The Blockchain was originally designed to be a peer-to-peer cash transfer system. The only asset a Cryptocurrency Blockchain needs to trace is a coin.
The Traceability Blockchain tracks assets and products through the supply chain so the data structures behind the Blockchain had to be adapted to handle the problem that all assets are not the same.
The original whitepaper defining the Blockchain defines a coin as a chain of digital signatures. Each time a coin was transfered to another party, the transaction where the coin holder received the coin becomes an input to the transaction where the new coin holder receives the coin.
If you are familiar with relational or document databases the data structures behind the blockchain seem strange. But, when you look at the problems the blockchain was designed to solve the data structures make perfect sense.
Storing Data on an Immutable Ledger - In a traditional database structure data can be updated or delete once it has been written. This is not the case with the Blockchain.
Solving the Double Spend Problem - In order to be an effective cash transfer system it must be impossible for a person to spend the same money more than once.
Operating without a Central Authority - In traditional cash transfer systems like banks, there is an entity that can validate, correct, and reverse transactions. This not the case on the blockchain.
The data structures defined in the blockchain can be described in a a single statement.
The current state of an asset is contained in the most recent transaction that affected it.
A cryptocurrency wallet is generated by the combination of a Public Key and a Private Key. The keys used in public key cryptography have an important mathematical relationship used in cryptography. The Public Key is shared with the public and called the Wallet Address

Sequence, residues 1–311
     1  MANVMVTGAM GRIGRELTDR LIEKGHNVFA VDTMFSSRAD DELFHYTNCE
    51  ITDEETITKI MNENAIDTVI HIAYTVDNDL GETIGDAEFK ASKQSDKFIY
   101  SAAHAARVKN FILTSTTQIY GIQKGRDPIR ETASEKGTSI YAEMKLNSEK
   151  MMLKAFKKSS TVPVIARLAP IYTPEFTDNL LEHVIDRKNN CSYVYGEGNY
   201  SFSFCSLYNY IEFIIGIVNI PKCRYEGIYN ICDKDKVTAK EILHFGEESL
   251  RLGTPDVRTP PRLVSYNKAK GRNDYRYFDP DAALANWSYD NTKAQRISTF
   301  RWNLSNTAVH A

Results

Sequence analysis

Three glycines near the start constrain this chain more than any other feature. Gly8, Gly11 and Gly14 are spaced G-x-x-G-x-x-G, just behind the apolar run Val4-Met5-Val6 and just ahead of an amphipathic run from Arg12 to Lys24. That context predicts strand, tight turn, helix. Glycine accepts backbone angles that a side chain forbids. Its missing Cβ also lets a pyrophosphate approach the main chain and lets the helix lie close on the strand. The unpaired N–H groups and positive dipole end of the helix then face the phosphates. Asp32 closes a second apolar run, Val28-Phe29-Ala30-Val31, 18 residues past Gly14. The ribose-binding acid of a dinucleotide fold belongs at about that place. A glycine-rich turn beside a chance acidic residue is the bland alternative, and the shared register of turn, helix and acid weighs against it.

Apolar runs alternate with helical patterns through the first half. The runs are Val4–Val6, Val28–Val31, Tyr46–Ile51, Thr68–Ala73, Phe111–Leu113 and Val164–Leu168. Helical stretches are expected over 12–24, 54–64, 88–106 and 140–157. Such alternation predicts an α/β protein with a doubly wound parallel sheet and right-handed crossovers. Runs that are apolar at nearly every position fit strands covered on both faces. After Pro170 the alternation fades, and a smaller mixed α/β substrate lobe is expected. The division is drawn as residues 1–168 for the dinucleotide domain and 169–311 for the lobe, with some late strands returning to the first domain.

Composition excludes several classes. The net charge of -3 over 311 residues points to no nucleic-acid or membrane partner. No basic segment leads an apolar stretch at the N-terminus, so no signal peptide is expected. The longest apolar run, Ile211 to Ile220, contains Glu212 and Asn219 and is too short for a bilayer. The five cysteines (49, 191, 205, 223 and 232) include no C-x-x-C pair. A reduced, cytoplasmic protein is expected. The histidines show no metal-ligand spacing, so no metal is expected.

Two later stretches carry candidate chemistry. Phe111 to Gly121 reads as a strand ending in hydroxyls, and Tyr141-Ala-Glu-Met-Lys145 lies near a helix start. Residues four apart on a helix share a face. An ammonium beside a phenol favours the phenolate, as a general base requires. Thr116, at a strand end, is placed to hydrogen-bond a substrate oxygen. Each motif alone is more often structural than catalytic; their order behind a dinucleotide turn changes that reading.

In tracing a product or other non-monetary asset the physical location of the where the product can be located is used to generate the Blockchain Address. The Traceability Blockchain provides a public function that can be used to generate a Blockchain Address for any location on earth.
This is important because it allows the shipper or receiver of products to determine the Blockchain Address of the other party without the other party's involvement.
In the supply chain an asset involves, where it is (Address), what it is (GTIN), and when/how it was made (LOT#). Additional numbers such as serial number are also used in some industries such as healthcare.
The Traceability Blockchain supports the GS1 Standards for Product Identification across multiple industries.
Assets stored are on the blockchain are identified by a single identifier, the Asset ID along with it's inputs and outputs. This inputs and outputs are other asset identifiers that also define the location, GTIN, and Lot Number of the input product.
The Traceability Blockchain supports additional text data added to the Asset. Any additional data that is stored directly on the Blockchain is NOT PRIVATE. Any additional data added to the Blockchain is data provided to assist traceability. Private data or documentation related to the asset should be stored using an anchored object.
An anchored object is an object that is stored off the main chain where its signature is hashed into the asset data to ensure the authenticity of the external object.